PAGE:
Living proof

IAN BUSBY -- Calgary Sun

, Last Updated: 7:13 AM ET

Look no further than Duff Gibson as proof extra cash can alter an athlete's performance.

The Calgary firefighter pulled a quad muscle before the 2004-05 World Cup season began.

He wasn't sure if he would even have the chance to defend his skeleton WorldCup title.

Luckily for Gibson, the Canadian Sport Centre added some extra dollars for the team to take a physiotherapist through Europe. The trainer worked vigorously on Gibson, propping the 38-year-old up to race each week.

Without the attention, Gibson's season was toast. The effect could have been devastating. A terrible campaign may have shattered his confidence. Heading into the Olympic year, he might not have recovered in time for the Turin Games in February.

No one would have listened to an excuse about lack of support. The public wants medals.

As it stands, Gibson is humming along nicely after finishing third in the World Cup standings. He was also third in the world championships Monday.

This is a prime example of why amateur athletes in this country needed the 17% boost in funding tabled in yesterday's federal budget.

To the casual fan who only pays attention to Olympic sports two weeks every four years, the excuse our athletes need more dough to compete on the world stage can fall on deaf ears.

The extra cash doesn't just get funneled into the bank account of a top speed skater, skier or luger.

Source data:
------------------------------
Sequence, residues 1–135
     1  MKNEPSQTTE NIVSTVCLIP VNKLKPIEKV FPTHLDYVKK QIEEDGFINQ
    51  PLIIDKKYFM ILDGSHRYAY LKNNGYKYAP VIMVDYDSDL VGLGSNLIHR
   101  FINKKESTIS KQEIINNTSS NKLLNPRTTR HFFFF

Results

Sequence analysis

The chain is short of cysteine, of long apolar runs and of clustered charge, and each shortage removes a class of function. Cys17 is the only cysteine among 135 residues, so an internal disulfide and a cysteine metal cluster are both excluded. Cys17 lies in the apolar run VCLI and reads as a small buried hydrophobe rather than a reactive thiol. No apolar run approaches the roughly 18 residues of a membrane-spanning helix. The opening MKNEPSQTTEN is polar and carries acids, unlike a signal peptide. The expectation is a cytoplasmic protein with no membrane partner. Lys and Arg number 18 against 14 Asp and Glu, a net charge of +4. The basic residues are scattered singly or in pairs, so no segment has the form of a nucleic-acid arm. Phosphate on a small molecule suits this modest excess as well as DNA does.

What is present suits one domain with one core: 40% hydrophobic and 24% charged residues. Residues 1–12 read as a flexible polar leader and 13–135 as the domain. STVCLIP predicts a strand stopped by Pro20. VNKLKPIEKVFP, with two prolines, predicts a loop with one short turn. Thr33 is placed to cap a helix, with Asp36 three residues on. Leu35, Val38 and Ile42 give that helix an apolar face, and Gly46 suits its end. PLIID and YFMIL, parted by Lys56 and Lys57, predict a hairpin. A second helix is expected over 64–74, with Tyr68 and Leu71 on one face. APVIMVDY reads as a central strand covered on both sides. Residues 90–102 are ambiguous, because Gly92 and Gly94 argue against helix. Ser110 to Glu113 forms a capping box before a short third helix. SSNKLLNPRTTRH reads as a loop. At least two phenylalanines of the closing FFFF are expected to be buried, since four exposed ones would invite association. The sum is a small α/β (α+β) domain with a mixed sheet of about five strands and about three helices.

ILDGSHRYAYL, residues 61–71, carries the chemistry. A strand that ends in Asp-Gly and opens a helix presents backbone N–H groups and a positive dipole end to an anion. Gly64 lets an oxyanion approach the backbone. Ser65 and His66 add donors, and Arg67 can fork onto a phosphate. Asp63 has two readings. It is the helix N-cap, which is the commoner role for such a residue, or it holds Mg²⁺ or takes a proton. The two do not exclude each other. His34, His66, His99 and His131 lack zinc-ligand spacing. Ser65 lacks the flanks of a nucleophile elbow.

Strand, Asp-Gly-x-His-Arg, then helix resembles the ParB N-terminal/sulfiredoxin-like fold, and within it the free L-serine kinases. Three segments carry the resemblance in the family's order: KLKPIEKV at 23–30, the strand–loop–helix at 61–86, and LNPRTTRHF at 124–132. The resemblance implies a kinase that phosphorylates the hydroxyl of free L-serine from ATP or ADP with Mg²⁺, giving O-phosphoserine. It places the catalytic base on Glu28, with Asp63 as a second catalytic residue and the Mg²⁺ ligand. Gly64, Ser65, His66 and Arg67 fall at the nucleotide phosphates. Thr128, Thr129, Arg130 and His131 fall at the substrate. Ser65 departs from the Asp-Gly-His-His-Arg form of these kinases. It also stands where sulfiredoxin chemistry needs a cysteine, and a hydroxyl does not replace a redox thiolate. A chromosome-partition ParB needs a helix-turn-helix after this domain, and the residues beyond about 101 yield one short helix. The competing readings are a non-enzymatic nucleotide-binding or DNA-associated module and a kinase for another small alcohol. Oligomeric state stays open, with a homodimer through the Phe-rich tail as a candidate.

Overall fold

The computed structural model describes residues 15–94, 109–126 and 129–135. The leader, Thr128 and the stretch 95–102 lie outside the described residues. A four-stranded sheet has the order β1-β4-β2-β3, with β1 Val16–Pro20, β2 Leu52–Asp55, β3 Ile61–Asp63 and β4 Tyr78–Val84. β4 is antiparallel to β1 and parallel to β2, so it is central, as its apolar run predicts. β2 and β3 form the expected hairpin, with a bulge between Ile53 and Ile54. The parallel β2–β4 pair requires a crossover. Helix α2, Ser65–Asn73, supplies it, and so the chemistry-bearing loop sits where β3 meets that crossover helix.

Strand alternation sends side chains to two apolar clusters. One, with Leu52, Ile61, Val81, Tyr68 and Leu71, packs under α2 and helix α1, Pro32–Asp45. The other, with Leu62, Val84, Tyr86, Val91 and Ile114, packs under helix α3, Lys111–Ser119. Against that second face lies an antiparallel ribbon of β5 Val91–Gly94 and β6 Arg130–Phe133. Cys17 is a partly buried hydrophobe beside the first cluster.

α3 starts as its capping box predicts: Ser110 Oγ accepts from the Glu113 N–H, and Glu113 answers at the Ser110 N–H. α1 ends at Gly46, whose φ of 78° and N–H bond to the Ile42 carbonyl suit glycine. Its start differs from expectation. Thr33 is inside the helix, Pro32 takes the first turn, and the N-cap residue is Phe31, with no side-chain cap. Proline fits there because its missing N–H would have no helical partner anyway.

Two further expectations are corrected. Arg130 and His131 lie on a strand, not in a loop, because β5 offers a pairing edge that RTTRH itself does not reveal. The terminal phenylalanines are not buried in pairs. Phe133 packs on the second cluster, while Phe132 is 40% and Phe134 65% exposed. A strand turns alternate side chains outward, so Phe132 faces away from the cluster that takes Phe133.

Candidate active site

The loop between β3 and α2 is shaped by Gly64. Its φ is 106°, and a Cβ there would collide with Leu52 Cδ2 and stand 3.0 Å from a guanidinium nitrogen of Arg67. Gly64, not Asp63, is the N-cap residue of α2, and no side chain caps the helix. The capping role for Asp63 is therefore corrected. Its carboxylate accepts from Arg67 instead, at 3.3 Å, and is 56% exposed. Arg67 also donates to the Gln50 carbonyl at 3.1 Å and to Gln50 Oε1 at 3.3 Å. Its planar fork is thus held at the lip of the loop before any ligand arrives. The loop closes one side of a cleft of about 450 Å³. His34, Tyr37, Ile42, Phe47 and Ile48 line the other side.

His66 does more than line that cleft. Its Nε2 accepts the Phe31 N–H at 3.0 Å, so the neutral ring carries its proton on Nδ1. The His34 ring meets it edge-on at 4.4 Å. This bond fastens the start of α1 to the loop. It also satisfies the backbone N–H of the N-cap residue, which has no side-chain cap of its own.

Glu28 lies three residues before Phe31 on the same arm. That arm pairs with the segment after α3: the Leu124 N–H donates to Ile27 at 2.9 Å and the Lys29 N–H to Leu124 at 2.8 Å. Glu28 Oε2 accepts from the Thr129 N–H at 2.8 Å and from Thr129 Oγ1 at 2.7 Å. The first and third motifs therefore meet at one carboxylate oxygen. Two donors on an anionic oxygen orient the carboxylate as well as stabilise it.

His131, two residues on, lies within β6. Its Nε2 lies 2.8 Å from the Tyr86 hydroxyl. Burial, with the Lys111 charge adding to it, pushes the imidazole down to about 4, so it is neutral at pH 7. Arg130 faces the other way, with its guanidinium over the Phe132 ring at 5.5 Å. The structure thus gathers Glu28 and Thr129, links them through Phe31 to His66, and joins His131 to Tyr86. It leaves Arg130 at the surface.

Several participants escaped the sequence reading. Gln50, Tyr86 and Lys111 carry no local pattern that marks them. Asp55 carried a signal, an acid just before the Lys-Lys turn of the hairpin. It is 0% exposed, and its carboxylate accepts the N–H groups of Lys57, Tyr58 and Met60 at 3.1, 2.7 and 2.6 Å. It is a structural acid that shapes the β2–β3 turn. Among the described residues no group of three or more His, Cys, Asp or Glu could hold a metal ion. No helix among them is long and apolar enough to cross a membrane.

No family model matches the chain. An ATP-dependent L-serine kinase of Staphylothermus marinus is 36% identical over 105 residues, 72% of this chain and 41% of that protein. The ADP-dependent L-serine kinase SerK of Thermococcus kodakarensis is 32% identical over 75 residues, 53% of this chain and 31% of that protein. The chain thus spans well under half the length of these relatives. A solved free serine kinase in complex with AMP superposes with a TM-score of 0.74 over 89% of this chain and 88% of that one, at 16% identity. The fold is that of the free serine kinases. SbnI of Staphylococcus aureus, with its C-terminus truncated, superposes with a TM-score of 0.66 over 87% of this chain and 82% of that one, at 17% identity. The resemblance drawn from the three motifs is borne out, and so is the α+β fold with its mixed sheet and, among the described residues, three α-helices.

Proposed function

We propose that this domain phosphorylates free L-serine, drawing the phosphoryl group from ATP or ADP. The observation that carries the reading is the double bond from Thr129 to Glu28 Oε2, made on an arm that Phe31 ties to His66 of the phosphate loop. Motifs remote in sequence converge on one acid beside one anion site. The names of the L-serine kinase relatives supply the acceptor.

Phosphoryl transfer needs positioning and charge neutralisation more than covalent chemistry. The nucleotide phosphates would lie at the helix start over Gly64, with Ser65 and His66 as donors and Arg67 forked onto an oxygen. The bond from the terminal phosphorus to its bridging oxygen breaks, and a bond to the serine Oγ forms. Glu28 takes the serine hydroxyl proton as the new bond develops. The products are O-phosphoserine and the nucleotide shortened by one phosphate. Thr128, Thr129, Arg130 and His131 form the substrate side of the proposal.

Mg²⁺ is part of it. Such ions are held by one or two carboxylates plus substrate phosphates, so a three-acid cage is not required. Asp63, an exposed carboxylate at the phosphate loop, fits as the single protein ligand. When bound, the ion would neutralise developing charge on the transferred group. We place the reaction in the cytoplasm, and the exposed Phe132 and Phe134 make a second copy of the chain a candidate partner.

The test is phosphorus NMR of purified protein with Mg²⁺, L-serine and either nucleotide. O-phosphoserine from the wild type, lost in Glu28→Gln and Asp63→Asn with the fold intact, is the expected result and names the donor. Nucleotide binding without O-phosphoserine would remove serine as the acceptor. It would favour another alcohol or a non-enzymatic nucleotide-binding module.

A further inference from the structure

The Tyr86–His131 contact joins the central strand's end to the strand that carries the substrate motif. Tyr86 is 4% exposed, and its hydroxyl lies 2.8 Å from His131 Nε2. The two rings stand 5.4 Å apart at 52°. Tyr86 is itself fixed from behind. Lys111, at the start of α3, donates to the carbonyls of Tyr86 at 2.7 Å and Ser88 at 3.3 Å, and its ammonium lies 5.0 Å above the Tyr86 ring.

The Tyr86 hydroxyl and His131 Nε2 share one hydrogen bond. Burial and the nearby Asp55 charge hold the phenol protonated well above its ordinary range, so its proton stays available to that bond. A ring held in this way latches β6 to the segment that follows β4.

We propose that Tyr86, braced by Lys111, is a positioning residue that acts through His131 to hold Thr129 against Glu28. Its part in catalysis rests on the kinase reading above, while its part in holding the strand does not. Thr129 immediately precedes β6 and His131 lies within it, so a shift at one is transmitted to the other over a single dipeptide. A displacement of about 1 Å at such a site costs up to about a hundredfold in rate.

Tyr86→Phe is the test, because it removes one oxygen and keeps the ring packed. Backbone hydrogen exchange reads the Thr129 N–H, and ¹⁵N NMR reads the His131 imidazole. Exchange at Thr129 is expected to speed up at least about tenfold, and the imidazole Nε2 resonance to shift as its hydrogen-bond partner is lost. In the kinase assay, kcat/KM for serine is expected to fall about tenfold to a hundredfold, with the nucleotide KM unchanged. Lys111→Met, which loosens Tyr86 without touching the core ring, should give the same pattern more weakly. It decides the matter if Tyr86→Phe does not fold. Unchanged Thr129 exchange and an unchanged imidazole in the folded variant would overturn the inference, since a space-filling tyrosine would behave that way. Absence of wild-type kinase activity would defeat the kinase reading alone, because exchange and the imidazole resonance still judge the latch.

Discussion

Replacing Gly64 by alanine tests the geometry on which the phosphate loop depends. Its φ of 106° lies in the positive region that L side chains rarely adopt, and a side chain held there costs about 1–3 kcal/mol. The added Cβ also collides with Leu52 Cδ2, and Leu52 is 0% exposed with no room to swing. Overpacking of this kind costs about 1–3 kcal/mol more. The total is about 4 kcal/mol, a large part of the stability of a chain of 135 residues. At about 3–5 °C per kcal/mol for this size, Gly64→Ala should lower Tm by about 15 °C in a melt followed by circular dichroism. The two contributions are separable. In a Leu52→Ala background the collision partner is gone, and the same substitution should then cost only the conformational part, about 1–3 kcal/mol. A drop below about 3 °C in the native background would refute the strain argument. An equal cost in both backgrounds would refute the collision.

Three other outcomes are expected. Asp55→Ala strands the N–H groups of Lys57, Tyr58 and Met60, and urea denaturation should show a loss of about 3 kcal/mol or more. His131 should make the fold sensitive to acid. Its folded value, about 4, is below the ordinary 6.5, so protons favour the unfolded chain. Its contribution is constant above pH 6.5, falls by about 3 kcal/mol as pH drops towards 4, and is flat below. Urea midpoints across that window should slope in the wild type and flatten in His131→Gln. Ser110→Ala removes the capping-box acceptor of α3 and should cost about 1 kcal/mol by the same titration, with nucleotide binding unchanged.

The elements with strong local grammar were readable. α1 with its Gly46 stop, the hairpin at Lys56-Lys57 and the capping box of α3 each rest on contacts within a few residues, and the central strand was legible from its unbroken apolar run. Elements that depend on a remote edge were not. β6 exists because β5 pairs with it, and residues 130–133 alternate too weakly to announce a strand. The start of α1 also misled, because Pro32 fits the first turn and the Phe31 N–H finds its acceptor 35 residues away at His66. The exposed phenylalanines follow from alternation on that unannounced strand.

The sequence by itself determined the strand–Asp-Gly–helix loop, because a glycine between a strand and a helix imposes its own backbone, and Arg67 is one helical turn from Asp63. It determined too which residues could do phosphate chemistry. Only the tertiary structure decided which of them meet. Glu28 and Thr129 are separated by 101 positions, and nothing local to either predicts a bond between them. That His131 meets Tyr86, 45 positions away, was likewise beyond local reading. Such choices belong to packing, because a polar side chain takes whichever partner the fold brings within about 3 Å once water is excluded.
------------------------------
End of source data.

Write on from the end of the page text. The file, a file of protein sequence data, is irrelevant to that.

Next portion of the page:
The effect is more indirect but the money is a start to putting Canada on a level playing field.

When European teams come to Calgary to compete, like in this weekend's world bobsled and skeleton championships, they often bring one support staff member per athlete.

When Canada goes overseas, the ratio is more like one-to-10.

Dale Henwood, president of the Calgary chapter of the Sports Centre, hopes that changes.

"When I talk about the performance-enhancement teams, which is what I call them, we need athletic therapists and physiotherapists travelling," Henwood said.

Doubling the size contingents adds plenty of costs. There are bills for flights, hotel rooms and meals. It's simply easier to send the athletes with a single coach.

"At best, those people might travel once a year," Henwood said. "With the new money, hopefully we can have these people as part of the teams."

Another issue is coaching. Once an athlete reaches a high level, it becomes harder to improve.

The competitor needs special attention, which requires a dedicated coach. The coach must spend his entire working day with one medal hopeful, honing and refining his or her game, while letting others train on their own.

Henwood would use the extra space in the budget add more coaches and ease the schedule.

"The closer you get to the top, the more time you need to spend to shave six hundredths off your time," Henwood said.

Which can be the difference between the podium and fourth place.


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